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“The Ngugma,” said Natasha, “have been in space for hundreds of millions of years. Can you conceive of that, at all? Of course you can’t. We’ve been in space for, well, as of when the Human Horizon Project left Earth? Three hundred years. Less.” She looked at Fvaerch.

“Innn your yearsss,” said the Kaahriig captain, “ittt would beee one thouuusand, two perhapsss.”

“Yep.” She looked at Skippy and another Primoid, side by side, holding stick-hands. “Skippy and I worked out, I think, that the Primoids began space traveling somewhere around ten thousand years ago. Multiply that by ten thousand, and you start to get in the neighborhood of how long the Ngugma have been space-faring.” Natasha shook her head, then gave a little smile of bewilderment. She clicked to the next slide: after Ngugma artists’ conceptions of the evolution and prehistory of the Ngugma, there were the primitive first Ngugma spacecraft. “They actually started before the Great Backward Revolution, as they called it afterward: they started with nuclear engines, if you can imagine. It was all part of their rebellious resource overuse.”

“Rebellious resource overuse?” Clay repeated.

“Earth’s been through a few periods like that,” said Rachel.

“So has Fyatskaab,” said Skzyyn from Clay’s shoulder. “Kaahriig are where they are now because they knew to stop us wasting our resources.”

“Poisoninggg the lllaand,” said Captain Fvaerch. “We calllculated the rate of spoilinggg.”

“Primoids went through this too?” asked Timmis. They looked at Skippy, who was just enough smaller than the other Primoids that all the humans and Fyaa knew which one it was. Skippy did some wiggles and a sort of shrug.

“No,” said Natasha. “Primoid history is a little different. But that’s not the subject here. The subject is how the Ngugma got in space, and how they moved off Bluehorse, and what they eventually ran into, which is the real subject.”

“How did they get in space?” asked Rachel.

“How long was the Backward Revolution?” asked Park.

“The really backwards part, thirty of their years. A lot less than a lifetime. Before that, they had a regime that sort of tried to fix things and deal with their growing problems, but it didn’t have the stomach or whatever to actually solve anything. It was just enough to piss people off, I mean to piss Ngugma off. So they got overthrown by the so-called Young Ngugma movement. And their answer was to forget about their problems and go on a bender. And that was the Backwards Revolution.”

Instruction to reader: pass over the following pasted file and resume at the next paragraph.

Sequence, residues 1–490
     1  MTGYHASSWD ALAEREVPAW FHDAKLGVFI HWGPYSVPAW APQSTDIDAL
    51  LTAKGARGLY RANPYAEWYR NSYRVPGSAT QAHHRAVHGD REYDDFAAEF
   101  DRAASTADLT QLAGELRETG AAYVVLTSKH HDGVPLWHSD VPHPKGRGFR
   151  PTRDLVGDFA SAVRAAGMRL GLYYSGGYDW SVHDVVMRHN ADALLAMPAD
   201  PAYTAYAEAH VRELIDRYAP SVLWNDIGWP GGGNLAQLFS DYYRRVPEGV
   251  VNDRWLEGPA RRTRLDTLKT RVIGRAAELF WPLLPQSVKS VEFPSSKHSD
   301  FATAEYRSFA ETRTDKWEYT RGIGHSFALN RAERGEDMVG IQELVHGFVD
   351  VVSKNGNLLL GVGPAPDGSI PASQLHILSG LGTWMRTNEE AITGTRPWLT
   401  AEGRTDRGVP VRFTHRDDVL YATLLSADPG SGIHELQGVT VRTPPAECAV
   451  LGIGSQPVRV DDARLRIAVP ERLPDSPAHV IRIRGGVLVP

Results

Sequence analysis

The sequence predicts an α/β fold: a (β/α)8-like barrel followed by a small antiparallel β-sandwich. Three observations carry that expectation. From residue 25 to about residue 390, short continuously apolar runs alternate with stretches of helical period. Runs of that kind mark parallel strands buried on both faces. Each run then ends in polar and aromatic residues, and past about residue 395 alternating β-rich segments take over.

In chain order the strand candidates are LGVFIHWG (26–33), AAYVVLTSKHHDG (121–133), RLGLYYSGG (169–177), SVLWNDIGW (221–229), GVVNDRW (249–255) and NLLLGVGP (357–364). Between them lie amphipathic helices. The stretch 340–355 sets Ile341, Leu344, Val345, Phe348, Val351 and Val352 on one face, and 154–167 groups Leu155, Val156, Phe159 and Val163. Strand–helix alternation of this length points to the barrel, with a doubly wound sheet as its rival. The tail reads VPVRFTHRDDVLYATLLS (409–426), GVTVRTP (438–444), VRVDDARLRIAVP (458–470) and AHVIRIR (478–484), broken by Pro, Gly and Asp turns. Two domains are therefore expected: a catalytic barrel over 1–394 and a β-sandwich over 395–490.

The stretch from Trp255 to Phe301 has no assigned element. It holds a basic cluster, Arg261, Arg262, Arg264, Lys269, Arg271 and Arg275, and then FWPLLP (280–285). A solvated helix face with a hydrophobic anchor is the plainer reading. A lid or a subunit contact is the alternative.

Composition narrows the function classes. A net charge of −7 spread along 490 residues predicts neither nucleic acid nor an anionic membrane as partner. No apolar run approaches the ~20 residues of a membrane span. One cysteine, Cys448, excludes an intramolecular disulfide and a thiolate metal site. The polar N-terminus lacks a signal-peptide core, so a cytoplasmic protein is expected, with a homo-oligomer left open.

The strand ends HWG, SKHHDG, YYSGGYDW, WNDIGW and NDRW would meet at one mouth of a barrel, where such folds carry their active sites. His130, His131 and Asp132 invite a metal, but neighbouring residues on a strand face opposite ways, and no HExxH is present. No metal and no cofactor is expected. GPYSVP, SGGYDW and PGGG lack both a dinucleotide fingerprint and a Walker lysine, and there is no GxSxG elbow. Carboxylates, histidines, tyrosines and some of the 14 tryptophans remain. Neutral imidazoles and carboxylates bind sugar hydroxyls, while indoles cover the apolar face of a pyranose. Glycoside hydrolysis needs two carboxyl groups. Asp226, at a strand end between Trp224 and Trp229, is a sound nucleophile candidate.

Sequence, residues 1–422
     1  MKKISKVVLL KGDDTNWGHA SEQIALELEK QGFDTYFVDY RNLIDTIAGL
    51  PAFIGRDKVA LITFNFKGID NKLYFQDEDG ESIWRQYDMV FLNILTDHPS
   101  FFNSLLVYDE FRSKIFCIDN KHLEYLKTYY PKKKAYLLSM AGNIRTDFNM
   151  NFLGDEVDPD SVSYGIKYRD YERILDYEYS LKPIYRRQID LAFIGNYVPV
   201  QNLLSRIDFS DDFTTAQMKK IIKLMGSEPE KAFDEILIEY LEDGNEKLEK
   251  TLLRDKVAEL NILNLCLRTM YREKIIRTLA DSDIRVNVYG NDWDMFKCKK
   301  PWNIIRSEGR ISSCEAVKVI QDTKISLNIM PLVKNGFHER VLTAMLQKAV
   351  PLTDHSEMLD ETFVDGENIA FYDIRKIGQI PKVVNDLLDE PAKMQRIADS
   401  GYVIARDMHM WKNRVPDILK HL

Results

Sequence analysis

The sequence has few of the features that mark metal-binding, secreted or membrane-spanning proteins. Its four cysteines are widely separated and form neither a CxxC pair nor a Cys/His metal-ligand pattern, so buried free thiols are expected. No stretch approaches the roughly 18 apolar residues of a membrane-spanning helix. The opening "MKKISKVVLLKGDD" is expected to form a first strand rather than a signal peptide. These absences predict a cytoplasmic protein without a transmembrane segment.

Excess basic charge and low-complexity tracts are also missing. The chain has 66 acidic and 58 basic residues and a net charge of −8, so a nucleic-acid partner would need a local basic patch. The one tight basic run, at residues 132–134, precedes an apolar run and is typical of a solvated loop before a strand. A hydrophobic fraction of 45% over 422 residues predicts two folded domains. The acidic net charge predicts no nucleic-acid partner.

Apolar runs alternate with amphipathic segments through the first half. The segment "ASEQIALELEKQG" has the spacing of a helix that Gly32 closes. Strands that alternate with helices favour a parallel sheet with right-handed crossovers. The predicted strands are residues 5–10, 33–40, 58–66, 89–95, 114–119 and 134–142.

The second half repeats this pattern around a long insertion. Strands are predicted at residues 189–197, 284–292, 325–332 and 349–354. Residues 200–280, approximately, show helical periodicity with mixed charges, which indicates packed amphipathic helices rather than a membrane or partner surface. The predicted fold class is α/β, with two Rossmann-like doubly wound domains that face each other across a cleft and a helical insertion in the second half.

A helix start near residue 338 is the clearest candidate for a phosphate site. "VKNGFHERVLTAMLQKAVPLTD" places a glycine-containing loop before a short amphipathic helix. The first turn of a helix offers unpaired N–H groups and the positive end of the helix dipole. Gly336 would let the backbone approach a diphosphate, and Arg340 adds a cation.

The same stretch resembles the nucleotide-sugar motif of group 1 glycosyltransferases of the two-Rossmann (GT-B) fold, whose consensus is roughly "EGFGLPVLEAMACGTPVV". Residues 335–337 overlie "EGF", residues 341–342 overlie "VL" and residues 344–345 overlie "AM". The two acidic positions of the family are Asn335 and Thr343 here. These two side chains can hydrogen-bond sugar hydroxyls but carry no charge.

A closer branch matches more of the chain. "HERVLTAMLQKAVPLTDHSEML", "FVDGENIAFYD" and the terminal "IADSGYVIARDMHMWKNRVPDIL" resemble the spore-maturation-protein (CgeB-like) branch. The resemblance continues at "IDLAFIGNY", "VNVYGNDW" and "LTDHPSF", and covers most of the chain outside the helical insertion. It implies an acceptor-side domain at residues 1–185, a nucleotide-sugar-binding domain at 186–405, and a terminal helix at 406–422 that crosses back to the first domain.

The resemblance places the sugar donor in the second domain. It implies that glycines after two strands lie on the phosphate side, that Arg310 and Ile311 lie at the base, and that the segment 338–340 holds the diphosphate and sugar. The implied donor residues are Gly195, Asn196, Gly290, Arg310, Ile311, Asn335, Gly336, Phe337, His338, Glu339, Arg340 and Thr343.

“A bender,” said Vera. “The Young Ngugma,” said Clay.

“But how many Young Ngugma could there be at a time?” asked Timmis. “They live forever.”

“So it’s true that they live indefinitely long lives, I mean, they don’t automatically grow old and die like we do, like I think the Fyaa species all do. But unlike the Primoids they don’t have a huge issue with dying, their endless lives don’t make them any more conservative about how they live. And that was especially true after they overthrew the, um, we translate it as ‘deconstructionist’ government, but that sounds like they were literary theorists. The deconstructionist government hung on for a good hundred years, trying to deal with increasing scarcity and creeping taints from pollution, and mostly dealing by half-measures. Then the Young Ngugma movement overthrew them and there was a lot of their gooey blood in the streets. Oh, they had hexagonal streets that were like ten centimeters deep water, turns out that was really wasteful since they didn’t have enough water to go around by that time. But these guys, they called them the Young Ngugma, they declared that there were plenty of resources, they even got water ice off one of the Bluehorse-4 moons, that was their first big away project. They built these atomic rockets and flew all over their star system and they started bringing back these cubic kilometer chunks of lunar ice. Didn’t last a whole long time, but it was a start on you know what.”

“Oh jeez,” said Clay. “Oh. I get it.” Skzyyn chittered: it sounded exactly like tsk, tsk.

“From ice to lava,” said Li Zan.

“You have to give the Ngugma this,” said Kalkar. “They think big.”

“But of course they were using everything stupidly,” said Natasha. “They could have been using the water to do fusion or something.”

“One has hhhheard of aaaancient civilizationnns,” said one of the Kaahriig, “which use proton decayyyy. A block of waterrr icccce would be perrrrfect.”

“But they were digging up all the uranium ore they could,” said Natasha, “just to go get ice they could melt and drink. It was almost willful: they liked to say they weren’t going to let anyone tell them what they could and couldn’t do, if the old ones told them it was unwise to do things this way instead of that way, the Young Ngugma wanted to do it this way all the more. And to hell with the next generation. They said that, it was a sort of rallying cry.”

“And then the crunch happened,” said Clay.

“The crunch happened,” said Natasha. “It was a water crunch and a food crunch and a disease crunch, all at once. Everything fell apart. The system basically crashed. Most of the population died out, like 98%. A lot of species disappeared. Bluehorse had become a dry world, over the millions of years, with water only in a few places—just like it is now. And bear in mind, this is after over two hundred million years of civilization. Not existence as a life form, of civilization.”

“They were civilized long enough,” said Rachel, “to have evolved physically while being a civilization.”

“And they got as close as they ever got to self-annihilation,” said Natasha. “And they drew some lessons from that. And as you would expect, some of them were good lessons and some of them were not so good lessons.”